Ashamed to be Maltese; proud to support Bulgaria

All the ‘shame’ and ‘embarrassment’ people like Bernard Grech and Roberta Metsola claim to feel about their own nationality evaporates in a puff of smoke, when dealing with foreign countries governed by their political allies

Nationalist MEPs Roberta Metsola and David Casa (left); EPP group chairman Manfred Weber with his close ally, Bulgarian PM Boris Borissov
Nationalist MEPs Roberta Metsola and David Casa (left); EPP group chairman Manfred Weber with his close ally, Bulgarian PM Boris Borissov

It may seem far removed from everything that’s happening in Malta right now; but way back in 2003 – in the build-up to the Iraq war – American country band The Dixie Chicks managed to torpedo their entire career in the space of a single second.

“We do not want this war, this violence,” lead singer Natalie Maines famously said at a concert in London, to wild applause from the crowd. Then she added – to even wilder applause – “And we’re ashamed the President of the United States is from Texas…”

Ka-BOOM! Within days, American radio started dropping The Dixie Chicks from their playlists; within weeks, their records were being burnt in public conflagrations across the country… and to cut a long story short, the backlash was so severe that the band itself never really recovered in the end.

There is even a documentary about the whole affair, aptly entitled ‘Shut up and Sing’. The title alone comes across as a cautionary tale about that elusive concept called ‘freedom of expression’. Put simply, it can be summed up as: “Yes, you are free to speak your mind… but that doesn’t mean you are also immune to the consequences of what you actually say.”

And of course, it doesn’t apply only to the microcosm of Country & Western music. Sticking to the same part of the world for now: some of you may be aware that there is a US Presidential election going on as we speak… and (albeit for different reasons) the underlying tensions are every bit as severe as they were back in the time of the Iraq war.

Can you imagine the consequences, then, if Democratic Presidential candidate Joe Biden were to address the nation on live TV, and casually declare himself… “ashamed to be American”?

Even if he stopped there, it would almost certainly be enough to scuttle any realistic hope of defeating Donald Trump later this month (or indeed, ever). But if he were to also add: “In fact, I’m so ashamed to be American, that when I travel to other countries… I lie about my nationality, and claim to be Canadian instead…”

Yikes! Never mind a ‘backlash’: something like that would probably jump-start a full-blown second American Civil War. And OK, I know what you’re probably thinking. That’s because we’re talking about the United States of America: a country that (let’s face it) tends to take ‘patriotism’ to extremes…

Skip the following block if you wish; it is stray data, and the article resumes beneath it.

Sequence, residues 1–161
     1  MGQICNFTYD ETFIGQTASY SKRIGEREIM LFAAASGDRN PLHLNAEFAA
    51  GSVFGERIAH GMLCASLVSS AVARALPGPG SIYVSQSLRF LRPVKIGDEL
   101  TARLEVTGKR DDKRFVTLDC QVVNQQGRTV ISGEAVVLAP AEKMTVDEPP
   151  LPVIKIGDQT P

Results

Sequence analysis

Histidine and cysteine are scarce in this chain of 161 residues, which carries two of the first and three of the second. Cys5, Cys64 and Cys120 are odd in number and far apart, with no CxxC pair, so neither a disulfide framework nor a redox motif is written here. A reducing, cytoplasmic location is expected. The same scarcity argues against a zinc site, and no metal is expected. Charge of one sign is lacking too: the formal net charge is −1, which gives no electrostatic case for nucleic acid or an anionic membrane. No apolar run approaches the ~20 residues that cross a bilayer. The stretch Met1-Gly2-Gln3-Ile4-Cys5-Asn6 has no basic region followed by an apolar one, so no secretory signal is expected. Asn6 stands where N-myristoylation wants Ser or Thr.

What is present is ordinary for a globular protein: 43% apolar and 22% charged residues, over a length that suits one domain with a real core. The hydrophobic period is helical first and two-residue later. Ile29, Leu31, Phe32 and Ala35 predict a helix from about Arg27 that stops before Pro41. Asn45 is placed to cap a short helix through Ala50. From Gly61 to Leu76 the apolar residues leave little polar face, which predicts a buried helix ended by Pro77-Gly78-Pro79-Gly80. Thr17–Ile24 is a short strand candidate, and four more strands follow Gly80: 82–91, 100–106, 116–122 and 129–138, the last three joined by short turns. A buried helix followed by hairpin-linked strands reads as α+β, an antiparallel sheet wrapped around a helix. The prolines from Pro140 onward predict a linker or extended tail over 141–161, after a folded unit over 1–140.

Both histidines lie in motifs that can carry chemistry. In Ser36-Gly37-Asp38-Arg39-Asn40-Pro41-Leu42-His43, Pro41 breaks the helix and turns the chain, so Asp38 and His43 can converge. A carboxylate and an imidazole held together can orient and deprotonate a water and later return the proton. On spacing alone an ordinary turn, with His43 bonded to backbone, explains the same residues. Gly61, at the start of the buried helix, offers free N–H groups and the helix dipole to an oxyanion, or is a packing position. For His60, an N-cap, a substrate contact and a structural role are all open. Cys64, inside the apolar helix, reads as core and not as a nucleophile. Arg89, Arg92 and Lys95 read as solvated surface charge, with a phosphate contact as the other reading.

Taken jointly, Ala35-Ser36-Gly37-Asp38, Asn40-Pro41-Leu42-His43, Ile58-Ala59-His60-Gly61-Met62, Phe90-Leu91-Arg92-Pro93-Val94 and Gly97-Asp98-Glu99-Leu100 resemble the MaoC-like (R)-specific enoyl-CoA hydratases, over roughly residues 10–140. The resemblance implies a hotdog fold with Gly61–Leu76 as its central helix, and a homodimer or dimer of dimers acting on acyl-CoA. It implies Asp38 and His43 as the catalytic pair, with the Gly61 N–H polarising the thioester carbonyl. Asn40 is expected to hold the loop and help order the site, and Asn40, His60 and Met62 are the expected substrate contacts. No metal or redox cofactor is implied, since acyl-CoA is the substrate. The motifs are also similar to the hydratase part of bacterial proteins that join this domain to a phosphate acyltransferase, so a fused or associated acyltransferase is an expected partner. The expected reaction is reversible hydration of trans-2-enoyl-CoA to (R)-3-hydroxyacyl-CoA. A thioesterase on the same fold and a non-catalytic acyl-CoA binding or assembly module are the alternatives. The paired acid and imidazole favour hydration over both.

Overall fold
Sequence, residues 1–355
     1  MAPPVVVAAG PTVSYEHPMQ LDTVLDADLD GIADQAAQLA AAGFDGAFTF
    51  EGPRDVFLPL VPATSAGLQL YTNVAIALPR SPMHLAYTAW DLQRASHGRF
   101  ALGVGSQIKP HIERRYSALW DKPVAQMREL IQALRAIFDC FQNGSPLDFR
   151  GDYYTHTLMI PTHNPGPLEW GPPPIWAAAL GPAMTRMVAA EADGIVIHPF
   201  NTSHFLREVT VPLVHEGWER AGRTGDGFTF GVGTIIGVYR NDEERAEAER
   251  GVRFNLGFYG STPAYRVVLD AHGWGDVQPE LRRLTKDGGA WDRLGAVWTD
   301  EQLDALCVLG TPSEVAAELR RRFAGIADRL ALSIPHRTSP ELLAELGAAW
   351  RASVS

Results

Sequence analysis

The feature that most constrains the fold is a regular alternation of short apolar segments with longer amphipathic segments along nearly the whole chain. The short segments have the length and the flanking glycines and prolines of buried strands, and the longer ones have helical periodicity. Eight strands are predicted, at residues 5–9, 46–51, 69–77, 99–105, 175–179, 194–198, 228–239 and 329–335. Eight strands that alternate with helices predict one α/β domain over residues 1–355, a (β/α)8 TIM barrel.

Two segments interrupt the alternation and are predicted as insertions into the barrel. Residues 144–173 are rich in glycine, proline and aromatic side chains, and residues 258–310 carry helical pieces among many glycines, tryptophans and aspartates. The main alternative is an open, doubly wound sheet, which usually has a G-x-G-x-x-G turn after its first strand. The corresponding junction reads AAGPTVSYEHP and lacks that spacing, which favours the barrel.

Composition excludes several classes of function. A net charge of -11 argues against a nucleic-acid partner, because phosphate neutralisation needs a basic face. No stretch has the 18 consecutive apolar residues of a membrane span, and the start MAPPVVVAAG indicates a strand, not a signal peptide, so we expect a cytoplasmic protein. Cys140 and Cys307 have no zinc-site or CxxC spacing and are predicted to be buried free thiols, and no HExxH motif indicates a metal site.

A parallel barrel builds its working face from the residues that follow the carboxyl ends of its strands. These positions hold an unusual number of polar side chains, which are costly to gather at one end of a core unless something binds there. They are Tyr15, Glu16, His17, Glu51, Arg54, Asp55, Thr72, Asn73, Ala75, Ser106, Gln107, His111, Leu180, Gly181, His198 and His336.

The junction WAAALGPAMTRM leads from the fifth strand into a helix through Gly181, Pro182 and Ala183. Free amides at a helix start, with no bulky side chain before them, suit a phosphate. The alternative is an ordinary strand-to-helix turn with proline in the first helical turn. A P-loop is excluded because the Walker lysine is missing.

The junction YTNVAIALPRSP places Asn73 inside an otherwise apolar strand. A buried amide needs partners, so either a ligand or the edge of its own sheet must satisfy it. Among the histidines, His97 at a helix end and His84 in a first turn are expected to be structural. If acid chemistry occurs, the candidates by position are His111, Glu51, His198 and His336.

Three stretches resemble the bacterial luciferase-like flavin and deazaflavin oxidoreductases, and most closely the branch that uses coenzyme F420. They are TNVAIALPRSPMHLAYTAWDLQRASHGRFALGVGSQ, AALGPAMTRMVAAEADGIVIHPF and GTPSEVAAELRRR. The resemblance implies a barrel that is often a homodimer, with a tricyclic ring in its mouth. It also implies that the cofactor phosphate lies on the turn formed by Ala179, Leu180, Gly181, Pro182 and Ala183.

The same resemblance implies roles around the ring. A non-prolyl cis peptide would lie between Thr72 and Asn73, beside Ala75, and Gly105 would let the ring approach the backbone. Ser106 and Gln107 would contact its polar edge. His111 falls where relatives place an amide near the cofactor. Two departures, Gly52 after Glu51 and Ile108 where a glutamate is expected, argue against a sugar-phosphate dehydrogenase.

But I reckon it would be an instant suicide note for European politicians, too. Take Angela Merkel, for instance: would she get away with telling reporters that she uses, say, an Austrian alias when travelling, to avoid letting on that she’s actually German? I somehow doubt it (and the same goes for Emmanuel Macron pretending to be Belgian; Boris Johnson pretending to be Irish; or – dare I say it – Bulgaria’s Boris Borissov, hiding behind a fake Russian passport…)

Yet here in Malta – a country that has somehow managed to turn ‘self-loathing’ into an instant political virtue – we have a newly-elected Opposition leader (no less) who seems to think it is perfectly acceptable to publicly disparage his own nationality… and with it, the identity of the very country he hopes to one day lead as Prime Minister.

And of course, this raises a few questions concerning his future career in politics. For instance: if Bernard Grech prefers to identify as ‘Greek’ while on holiday, to avoid the embarrassment of putting up with criticism of his real home-country… then:

a) how does he intend to protect Malta’s reputation in international political fora (as, after all, both Opposition leaders and Prime Ministers are occasionally expected to do)?;

b) where would he stand, if Malta’s interests were to one day collide with those of Greece (as indeed can already be said to be happening, in the case of immigration)? And – last but not least…

c) why the heck doesn’t Bernard Grech just apply for Greek nationality through that country’s ‘Golden Passport’ scheme, and get it over with? That way, the next time he is asked by foreigners about his nationality… he’d be in a position to spare himself all the embarrassment, without having to also resort to a bald, barefaced lie.

Ah, but wait, let me guess: you didn’t know that countries like Greece – and Austria; and Spain; and Portugal, etc. – also have their own equivalent of Malta’s much-maligned ‘Individual Investor Programme’, did you?

Well, I can assure you they do. And this brings me to another small problem with Bernard Grech’s open disavowal of his own nationality. For starters, it’s not as though the things that make him ‘ashamed to be Maltese’ are in any way unique to Malta. After all, we are not just talking about ‘selling passports’ here… but also rampant corruption; repeated international condemnation of our rule-of-law situation; political impunity; a level of criminality that is embedded into our institutional system; complaints about the judicial process, freedom of the press, etc., etc. –